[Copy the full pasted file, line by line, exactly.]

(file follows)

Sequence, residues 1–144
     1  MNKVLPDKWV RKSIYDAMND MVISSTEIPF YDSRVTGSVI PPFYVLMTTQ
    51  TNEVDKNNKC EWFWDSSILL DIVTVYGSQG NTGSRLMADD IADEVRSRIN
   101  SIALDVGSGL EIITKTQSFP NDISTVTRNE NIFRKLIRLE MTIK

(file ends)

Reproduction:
Sequence, residues 1–144
     1  MNKVLPDKWV RKSIYDAMND MVISSTEIPF YDSRVTGSVI PPFYVLMTTQ
    51  TNEVDKNNKC EWFWDSSILL DIVTVYGSQG NTGSRLMADD IADEVRSRIN
   101  SIALDVGSGL EIITKTQSFP NDISTVTRNE NIFRKLIRLE MTIK